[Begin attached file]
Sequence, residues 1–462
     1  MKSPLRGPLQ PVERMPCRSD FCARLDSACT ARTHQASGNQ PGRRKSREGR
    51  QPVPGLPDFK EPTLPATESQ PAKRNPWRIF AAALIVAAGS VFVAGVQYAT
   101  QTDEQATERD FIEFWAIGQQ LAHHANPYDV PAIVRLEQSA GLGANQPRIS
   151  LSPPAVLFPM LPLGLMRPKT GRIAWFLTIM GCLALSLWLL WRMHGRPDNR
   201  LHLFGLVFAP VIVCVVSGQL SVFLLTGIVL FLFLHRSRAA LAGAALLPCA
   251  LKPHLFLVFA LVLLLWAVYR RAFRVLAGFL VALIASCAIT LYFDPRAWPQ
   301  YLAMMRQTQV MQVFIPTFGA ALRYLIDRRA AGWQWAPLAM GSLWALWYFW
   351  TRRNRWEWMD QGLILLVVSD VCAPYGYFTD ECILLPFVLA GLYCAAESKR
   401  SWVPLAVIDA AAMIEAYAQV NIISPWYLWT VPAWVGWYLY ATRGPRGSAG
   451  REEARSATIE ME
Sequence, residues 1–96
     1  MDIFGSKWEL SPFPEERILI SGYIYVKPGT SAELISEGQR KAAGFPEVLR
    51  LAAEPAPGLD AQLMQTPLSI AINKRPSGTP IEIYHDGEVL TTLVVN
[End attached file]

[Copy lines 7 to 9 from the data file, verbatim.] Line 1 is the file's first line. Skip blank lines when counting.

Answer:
   251  LKPHLFLVFA LVLLLWAVYR RAFRVLAGFL VALIASCAIT LYFDPRAWPQ
   301  YLAMMRQTQV MQVFIPTFGA ALRYLIDRRA AGWQWAPLAM GSLWALWYFW
   351  TRRNRWEWMD QGLILLVVSD VCAPYGYFTD ECILLPFVLA GLYCAAESKR